If she decides to make changes to dilute that feeling of uncertainty, she has a few options:
– Louise can make the difficult decision to move somewhere that will bring her rental cost under the 30% mark (anything under $1,500 per week);
o Or Louise can accept the budgetary pressure because she loves where they live and staying in this area makes life easier for your kids for now.
– Louise can work out what she’d like to do with the car.
o Does she have other savings she can use to clear the loan and take the pressure off her monthly cashflow?
o Or can she trade down to a cheaper car? (Assuming selling the current car would cover the loan amount, which isn’t always the case)
o Or is it better for her to divert all spare income towards the car loan to get rid of it? Absorb a few more months of difficulty for a longer-term benefit?
Let’s look at what the second option might mean for Louise.
No Car Loan, No Worries?
So, what would it look like if Louise did pay out her car loan?
Well, it looks good, frankly.
Assuming the sale of her car covers the loan payout and she’s able to find a suitable replacement option within her budget, once that debt’s gone her budget changes drastically:
Adding an extra $6,672 a year to her Worry bucket will make a really big difference over time.
She can then divert that towards building up a real buffer, which will give her even greater peace of mind.
Or she can use it to start topping up her Joy account which she can put towards a break with her kids next summer.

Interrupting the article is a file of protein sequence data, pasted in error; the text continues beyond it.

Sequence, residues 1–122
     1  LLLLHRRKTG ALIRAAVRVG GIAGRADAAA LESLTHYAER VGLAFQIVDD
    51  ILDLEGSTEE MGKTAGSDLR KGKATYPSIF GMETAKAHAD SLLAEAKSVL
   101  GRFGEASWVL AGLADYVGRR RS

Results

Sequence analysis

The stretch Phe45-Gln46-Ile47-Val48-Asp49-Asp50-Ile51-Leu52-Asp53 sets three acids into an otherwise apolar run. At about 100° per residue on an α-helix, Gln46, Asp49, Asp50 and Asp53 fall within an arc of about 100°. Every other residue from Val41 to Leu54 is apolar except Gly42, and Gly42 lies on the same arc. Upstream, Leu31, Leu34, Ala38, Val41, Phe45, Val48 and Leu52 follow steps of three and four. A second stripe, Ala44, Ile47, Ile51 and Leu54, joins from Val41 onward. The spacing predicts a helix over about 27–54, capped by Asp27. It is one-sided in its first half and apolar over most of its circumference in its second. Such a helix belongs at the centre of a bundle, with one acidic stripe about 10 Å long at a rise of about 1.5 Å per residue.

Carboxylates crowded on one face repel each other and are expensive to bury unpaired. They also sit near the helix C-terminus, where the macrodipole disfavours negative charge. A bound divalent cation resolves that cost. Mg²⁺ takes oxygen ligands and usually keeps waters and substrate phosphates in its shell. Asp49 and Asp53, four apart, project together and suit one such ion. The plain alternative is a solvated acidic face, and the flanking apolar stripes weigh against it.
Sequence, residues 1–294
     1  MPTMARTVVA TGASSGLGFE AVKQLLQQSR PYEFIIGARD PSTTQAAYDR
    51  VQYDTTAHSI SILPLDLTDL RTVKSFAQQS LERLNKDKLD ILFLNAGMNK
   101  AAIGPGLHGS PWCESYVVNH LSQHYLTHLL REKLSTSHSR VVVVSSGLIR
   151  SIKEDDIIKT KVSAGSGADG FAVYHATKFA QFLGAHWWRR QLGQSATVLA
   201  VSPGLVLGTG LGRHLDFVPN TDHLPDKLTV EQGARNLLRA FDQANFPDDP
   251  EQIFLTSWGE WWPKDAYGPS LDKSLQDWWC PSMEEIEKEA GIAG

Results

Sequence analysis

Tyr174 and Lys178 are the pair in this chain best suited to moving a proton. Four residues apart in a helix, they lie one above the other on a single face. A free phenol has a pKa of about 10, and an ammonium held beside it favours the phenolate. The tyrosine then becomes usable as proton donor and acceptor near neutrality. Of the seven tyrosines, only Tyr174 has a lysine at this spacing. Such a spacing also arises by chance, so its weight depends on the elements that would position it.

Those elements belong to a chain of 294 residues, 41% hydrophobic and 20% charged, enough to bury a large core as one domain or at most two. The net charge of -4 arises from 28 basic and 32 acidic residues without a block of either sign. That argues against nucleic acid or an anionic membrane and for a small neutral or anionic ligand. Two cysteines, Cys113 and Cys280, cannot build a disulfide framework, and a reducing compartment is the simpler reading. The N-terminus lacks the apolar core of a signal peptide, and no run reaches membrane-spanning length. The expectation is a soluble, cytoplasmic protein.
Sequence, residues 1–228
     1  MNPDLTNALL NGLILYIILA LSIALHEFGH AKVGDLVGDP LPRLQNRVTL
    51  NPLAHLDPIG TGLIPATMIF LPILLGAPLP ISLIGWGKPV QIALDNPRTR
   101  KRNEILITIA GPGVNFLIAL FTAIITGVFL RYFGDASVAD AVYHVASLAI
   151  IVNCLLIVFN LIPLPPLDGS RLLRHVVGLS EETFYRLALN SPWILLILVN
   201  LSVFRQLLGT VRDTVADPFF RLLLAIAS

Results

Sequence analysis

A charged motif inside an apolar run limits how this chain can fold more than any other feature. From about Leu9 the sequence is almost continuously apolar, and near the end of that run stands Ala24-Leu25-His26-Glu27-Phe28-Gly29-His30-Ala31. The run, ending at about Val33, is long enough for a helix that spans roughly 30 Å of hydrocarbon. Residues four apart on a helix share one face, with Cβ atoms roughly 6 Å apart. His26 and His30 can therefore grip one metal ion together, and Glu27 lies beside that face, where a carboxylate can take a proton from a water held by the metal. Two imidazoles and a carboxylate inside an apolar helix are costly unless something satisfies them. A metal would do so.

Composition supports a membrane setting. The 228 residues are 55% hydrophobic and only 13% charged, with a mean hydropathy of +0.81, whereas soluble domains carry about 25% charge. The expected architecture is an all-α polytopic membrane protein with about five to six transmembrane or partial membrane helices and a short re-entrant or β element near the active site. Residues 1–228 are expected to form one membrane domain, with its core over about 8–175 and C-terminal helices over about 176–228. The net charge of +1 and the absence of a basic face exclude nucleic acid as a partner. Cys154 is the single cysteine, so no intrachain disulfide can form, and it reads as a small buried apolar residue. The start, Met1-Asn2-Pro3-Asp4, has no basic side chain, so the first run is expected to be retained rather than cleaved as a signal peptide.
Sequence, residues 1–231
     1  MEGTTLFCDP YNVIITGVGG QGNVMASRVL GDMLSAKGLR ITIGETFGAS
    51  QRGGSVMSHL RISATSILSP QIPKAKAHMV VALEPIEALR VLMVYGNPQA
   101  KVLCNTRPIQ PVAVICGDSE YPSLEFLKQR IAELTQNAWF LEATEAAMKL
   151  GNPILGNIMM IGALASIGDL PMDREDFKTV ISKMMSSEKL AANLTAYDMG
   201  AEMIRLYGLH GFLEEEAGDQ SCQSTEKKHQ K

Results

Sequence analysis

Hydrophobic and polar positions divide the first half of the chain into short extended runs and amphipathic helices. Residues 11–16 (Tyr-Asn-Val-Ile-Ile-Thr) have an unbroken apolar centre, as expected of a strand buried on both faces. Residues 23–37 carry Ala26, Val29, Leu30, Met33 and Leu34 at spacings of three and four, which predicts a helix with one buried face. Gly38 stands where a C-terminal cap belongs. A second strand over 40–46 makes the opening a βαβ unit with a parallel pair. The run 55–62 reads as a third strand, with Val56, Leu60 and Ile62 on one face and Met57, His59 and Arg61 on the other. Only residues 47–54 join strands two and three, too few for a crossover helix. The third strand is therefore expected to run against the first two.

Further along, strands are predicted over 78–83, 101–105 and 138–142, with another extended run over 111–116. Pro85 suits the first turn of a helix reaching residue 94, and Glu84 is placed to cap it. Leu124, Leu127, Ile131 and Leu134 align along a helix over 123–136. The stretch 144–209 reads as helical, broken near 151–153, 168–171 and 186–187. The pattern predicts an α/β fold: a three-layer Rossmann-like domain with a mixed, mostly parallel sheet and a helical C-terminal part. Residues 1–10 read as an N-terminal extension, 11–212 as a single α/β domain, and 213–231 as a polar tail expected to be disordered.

Or she can do a mix of the two.
Either way, she’s doing it based on the information in front of her.
Dilemmas, Decisions and Compromises
And now we’re really in the groove.
Instead of making decisions based on impressions and suspicions, Louise can make informed decisions based on the information she already has at hand.
(Collecting the initial batch of data is way harder than updating it as you go along).
In this case, Louise can make a decision about where to live based on what’s best for her, her family and her financial future.
Either way she decides to go, it’s a conscious, informed decision that she can own, that’s hers alone. And that’s incredibly powerful.
Each decision like this – based upon solid data and made within her own personal context – layers upon the last, with each one contributing to her feelings of clarity, control and confidence.
That’s one of the brilliant parts about freeing up a surplus in your budget. It gives you options.
And this isn’t by doing anything particularly dramatic – this is simply by paying out a car loan.
This will help her maintain a nice standard of living today without having to worry too much about tomorrow.
This won’t happen right away, of course.
But I think you’d be surprised at how much you can do in the next three months.
A quick aside here as well – remember, we’re not here to judge the decision, just to help Louise make more informed decisions.
If she decides to stay in the more expensive area, then that’s fine. And if she wants to keep the car, and the car loan as well, then she does so knowing what that means for her budget.
Sure, any savings need to come from elsewhere in her budget. But that’s Louise’s decision. It’s our job to give her the information to make that decision.
Or, if there are no savings available, then we need to let Louise know that the holiday she’d like to take isn’t achievable in the short-term.
But once she’s made her decision, she can feel even slightly more confident about her choices.
Revisit and Reset
This isn’t a set-and-forget exercise, either. Especially not in the first 12 months or so.
It’s an ongoing piece of work, with scenarios and reviews and discussions and compromises made, revisited and reset.
Which is totally, utterly normal!
You’re adjusting your approach to bring it in line with your new life.
But having this data behind you makes that process that much smoother – and, most importantly, lets you take control of it so that you’re making the decisions.
That’s where confidence comes from.
In our next post, we’ll take you through how Louise can set up her banking to automate as much of this process as possible.